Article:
Pastured Sheep

We raise sheep…After much debate, we decided to raise sheep because of their size, quality of meat, water available on the farm, and acreage we had. The Naivar Family Farm has housed all kinds of farm and wild animals but we decided to raise Dorper sheep and got handed a registered miniature Cheviot ram. In turn we now have the largest herd of Cheviots in Texas – 6 registered minis!

The Dorper sheep breed is a mix of the Dorset and Persian – originally created for the South African meat market. It is a hair sheep – no need to sheer. They do well in Texas.

The white Dorper is beautiful and has a more mild temperament. The black headed Dorpers are bolder and more “wild”. Both are great overall.

The miniature Cheviot is not really a mini. It has actually been bred larger since it first introduction to the U.S. market but they are a smaller pure breed from the Cheviot Hills of the United Kingdom. They are a beautiful, hardy sheep with wool and meat products.


About our sheep

Dorper Sheep Breed

Dorper ewe and twin lambs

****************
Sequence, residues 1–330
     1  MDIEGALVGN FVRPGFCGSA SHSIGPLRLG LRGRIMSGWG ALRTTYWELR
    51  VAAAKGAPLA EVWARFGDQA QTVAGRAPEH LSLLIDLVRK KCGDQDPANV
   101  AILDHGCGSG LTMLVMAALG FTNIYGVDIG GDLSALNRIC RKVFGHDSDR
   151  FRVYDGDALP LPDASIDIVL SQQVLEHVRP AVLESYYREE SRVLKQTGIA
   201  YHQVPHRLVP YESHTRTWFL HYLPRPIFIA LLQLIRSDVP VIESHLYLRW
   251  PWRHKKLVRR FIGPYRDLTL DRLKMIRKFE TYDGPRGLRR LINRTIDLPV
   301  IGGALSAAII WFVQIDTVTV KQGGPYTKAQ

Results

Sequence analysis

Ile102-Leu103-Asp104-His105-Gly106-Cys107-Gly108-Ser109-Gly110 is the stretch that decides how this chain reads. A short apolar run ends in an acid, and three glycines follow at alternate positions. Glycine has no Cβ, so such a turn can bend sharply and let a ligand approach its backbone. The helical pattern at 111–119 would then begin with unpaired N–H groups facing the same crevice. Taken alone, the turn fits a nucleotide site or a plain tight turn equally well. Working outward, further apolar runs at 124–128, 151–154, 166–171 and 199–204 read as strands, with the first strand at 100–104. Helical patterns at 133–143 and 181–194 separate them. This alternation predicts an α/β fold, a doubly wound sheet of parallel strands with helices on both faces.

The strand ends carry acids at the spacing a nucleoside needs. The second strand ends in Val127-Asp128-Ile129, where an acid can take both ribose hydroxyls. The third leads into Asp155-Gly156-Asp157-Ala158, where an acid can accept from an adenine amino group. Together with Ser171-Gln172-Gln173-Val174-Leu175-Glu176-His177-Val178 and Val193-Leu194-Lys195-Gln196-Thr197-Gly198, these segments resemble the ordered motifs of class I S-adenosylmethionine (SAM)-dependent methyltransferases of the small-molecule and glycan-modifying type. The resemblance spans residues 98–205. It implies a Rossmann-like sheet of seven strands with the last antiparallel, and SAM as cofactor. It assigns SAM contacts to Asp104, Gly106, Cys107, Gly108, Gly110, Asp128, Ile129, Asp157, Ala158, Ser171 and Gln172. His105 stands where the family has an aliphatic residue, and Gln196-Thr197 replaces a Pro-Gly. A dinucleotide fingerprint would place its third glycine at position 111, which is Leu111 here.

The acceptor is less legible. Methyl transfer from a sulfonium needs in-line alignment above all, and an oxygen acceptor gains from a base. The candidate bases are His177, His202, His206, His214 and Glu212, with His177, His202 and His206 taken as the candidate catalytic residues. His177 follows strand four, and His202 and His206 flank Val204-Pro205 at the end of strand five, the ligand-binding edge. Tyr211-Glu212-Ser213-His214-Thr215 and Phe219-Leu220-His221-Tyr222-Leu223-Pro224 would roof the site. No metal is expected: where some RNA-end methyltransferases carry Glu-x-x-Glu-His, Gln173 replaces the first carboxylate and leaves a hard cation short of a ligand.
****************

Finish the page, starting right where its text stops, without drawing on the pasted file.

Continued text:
The Dorper is a South African breed of domestic sheep developed by crossing Dorset Horn and the Blackhead Persian sheep. The breed was created through the efforts of the South African Department of Agriculture around the 1930s to breed a meat sheep suitable to the more arid regions of the country. (wikipedia)

The Dorper is an easy-care animal that produces a short, light coat of wool and hair that is shed in late spring and summer. Not all dorpers shed well – some require owners to pull the hair off. Many breeders select for the shedding trait.

Rams reach sexual maturity at an early age; rams have been observed to start working by five months. Many lamb rams that are not castrated will begin sexual behaviors after one week of age.


Cheviot Sheep Breed

2016-03-10 22.37.18The Cheviot is a breed of white faced sheep which gets its name from the Cheviot hills in north Northumberland and the Scottish Borders of the United Kingdom.

The Cheviot is a dual-purpose breed being raised primarily for meat and wool. (wikipedia)

Cheviots produce fast-maturing, lean prime lambs. Their active nature means they put on muscle, not fat, and they have a high dressing percentage. The distinctive high shoulder, which gives them agility and suitability for hilly terrain, is light in bone and fat, and heavy in muscle. The rapid growth rate and fast maturity of Cheviot lambs means earlier sales, fewer carryovers and higher returns.

Bred to look after themselves, Cheviots need less husbandry. Their ease of lambing and strong mothering instinct means fewer lambing problems. Hard black feet make them less prone to footrot. (Cheviot Sheep Breeders of Australia)